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National Translation Mission

          Under the aegis of National Knowledge Commission, a National Translation Mission is proposed to be instituted and is designed to work from the eleventh five-year plan. It is an important national initiative on translation. The entire project is put in the public domain so people know about it and its enormous potential.

1st September 2006

Dear Mr. Prime Minister,

Your suggestion at the first meeting with the National Knowledge Commission that access to translated material is vital for increasing access to knowledge in many critical areas and broadening and strengthening people’s participation in education and continuous learning, led the National Knowledge Commission (NKC) to focus on translation as one of the key thrust areas of knowledge economy in India.

We recognize that there is an urgent need for expansion of quantity and improvement of quality of translation of different types (human, machine-aided, instant, etc.) and in different domains (literary, scientific, technical, business, etc.) that would provide greater access to knowledge across the country. The current facilities available are inadequate and less than socially required. There is latent unrecognised demand which is not being met because of incomplete and asymmetric information. Inadequacy of information compounded by the lack of coordination between potential users, also leads to market failures. Further there is inadequate dissemination of good quality translations which would provide a benchmark and create incentives for most private activity in this area. Therefore, this requires some amount of public intervention, not as a permanent feature, but as a set of measures to kick-start a process of encouraging private initiative such that the large commercially viable provision of high quality translation in different areas becomes feasible. The direct and indirect employment generation potential of translation activities is very high, and could absorb a substantial part of educated unemployed youth.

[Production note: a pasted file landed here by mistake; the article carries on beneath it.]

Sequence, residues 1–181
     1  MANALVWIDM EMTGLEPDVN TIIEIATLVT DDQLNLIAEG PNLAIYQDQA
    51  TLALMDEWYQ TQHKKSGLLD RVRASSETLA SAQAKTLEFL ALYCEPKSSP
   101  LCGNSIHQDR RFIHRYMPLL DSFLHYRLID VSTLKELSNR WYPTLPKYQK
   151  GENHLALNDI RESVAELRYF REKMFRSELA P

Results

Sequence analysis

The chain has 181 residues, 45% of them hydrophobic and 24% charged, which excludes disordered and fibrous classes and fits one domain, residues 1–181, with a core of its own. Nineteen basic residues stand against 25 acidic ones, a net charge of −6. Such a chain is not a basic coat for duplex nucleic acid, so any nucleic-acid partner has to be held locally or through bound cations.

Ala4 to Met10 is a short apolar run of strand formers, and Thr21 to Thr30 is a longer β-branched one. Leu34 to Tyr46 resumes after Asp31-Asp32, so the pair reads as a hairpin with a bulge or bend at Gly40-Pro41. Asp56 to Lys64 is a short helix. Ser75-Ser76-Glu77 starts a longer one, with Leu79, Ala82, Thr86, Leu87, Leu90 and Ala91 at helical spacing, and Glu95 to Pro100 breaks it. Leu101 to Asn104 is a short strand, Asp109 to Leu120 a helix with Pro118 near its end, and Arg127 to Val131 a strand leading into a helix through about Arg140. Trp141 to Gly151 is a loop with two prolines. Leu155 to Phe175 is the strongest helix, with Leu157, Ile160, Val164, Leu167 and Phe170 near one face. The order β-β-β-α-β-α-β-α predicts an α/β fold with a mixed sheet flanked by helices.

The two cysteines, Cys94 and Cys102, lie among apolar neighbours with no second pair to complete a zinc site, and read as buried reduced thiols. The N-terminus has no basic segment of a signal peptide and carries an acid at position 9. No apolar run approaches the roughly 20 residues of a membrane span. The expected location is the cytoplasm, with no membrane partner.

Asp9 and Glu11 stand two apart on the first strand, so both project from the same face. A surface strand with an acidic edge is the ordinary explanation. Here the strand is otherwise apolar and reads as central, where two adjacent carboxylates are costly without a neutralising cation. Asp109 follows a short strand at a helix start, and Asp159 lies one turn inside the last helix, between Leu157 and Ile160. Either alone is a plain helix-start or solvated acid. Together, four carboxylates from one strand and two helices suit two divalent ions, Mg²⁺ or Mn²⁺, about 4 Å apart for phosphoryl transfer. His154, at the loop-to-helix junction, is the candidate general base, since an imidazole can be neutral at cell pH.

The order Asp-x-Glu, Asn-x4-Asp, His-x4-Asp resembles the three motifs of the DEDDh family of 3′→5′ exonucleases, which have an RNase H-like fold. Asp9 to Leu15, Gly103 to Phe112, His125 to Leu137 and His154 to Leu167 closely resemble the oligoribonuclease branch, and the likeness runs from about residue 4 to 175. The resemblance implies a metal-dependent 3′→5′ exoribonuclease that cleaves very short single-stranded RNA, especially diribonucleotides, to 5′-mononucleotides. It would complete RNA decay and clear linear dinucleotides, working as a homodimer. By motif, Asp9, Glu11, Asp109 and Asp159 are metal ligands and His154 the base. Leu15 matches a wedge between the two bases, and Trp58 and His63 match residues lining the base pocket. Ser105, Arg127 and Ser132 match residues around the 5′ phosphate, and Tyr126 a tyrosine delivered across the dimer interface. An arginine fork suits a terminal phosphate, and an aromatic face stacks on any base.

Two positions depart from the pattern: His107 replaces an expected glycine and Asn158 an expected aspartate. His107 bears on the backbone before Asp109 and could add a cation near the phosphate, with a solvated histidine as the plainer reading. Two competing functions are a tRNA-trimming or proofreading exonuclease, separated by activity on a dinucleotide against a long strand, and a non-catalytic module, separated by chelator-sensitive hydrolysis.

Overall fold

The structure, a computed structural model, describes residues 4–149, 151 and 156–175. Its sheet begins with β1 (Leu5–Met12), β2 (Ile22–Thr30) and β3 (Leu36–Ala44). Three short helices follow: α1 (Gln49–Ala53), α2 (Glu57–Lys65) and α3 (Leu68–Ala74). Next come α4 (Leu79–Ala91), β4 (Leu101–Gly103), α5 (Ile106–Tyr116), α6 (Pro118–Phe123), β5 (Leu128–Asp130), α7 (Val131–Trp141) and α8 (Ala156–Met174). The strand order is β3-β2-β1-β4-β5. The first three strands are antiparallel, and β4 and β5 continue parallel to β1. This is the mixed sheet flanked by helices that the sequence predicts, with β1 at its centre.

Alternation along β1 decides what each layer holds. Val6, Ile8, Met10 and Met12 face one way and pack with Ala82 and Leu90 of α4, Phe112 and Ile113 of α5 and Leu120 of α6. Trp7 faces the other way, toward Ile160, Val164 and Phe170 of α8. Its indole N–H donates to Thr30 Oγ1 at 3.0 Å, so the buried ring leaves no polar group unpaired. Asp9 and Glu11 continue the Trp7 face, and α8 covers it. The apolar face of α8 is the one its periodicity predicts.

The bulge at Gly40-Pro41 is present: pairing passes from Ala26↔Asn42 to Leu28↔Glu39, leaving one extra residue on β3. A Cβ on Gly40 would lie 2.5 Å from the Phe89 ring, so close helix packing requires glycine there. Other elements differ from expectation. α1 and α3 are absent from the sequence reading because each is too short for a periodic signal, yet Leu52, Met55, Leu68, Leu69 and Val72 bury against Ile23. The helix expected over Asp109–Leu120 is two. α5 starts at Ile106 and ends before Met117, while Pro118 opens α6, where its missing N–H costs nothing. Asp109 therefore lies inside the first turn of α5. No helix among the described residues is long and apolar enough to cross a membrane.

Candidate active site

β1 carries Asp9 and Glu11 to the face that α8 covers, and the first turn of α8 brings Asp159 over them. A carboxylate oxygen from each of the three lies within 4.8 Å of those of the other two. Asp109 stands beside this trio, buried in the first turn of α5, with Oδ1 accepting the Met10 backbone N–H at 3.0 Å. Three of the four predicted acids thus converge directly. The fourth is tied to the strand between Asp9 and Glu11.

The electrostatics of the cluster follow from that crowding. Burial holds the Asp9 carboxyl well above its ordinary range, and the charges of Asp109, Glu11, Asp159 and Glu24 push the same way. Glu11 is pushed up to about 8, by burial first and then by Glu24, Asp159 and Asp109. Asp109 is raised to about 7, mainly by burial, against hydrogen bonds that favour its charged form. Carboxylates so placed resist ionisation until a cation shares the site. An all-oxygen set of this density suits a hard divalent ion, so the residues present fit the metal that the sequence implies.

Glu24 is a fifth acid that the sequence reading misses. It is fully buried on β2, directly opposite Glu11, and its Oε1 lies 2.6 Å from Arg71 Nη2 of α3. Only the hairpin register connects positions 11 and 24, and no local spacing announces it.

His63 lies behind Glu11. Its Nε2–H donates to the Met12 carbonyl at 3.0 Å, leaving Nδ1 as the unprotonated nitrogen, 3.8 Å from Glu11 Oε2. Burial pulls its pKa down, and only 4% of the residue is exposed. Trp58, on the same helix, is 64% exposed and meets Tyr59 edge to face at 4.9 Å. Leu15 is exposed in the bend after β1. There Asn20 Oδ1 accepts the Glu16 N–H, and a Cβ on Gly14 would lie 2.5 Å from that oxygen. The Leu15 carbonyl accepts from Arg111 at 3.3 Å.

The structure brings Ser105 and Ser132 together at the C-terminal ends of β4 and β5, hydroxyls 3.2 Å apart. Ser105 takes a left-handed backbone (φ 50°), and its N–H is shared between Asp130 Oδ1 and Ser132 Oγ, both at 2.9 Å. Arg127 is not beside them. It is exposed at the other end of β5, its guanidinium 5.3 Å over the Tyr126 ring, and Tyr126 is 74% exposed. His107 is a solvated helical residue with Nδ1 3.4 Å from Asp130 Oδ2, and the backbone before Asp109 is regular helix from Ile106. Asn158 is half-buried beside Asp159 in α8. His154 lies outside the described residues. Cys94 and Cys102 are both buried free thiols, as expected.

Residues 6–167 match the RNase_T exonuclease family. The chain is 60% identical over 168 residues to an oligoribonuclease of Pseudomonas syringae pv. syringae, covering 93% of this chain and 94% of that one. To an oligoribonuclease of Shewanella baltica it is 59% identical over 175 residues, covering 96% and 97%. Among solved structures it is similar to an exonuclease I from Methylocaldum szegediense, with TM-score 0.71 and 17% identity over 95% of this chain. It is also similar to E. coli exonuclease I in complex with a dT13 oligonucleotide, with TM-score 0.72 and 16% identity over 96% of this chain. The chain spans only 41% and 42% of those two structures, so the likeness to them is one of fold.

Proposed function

Based on this the NKC formed a working group led by Dr. Jayati Ghosh to bring together many people and agencies involved in translation, publishing and dissemination activities.[1] They included representatives of some of the relevant government bodies, academics, language experts, publishers, teachers and others associated with translation activities in India. They met several times for workshops and consultations.

As a result of their work and discussions at the NKC we recommend the following:

  1. Provide impetus for developing translation as an industry in the country. Going by the experiences of other countries, in a country like India with its many languages, as well as the huge potential for foreign language translation, the entire translation industry has the potential eventually to employ between 200,000 and half a million people.

  1. Establish a store-house of information on all aspects of translation involving Indian languages, and to make this available by creating, maintaining and constantly updating information on translations published, training programmes, translation tools/instruments and new initiatives, and facilities such as a ‘National Register for Translators’.

  1. Promote printed as well as virtual publication of works on translation studies. Further provide a clearing house for all translation activities, both in theoretical and applied subjects, in as many Indian languages as possible.

  1. Create and maintain various tools for translation, including digital tools like Thesauri, Bilingual Dictionaries and software for translation. In addition, promote machine translation, leveraging emerging technologies to provide rapid and large volume of translation at a relatively low cost.

  1. Provide quality training and education for translators. Some ways this could be done include short term training programmes, course packages for translators that could be incorporated in the language teaching programmes, and fellowship programmes and research projects to encourage quality students. There is also need for guidance in the methodology of translation and undertake activities to enrich teaching and training activities in translation studies.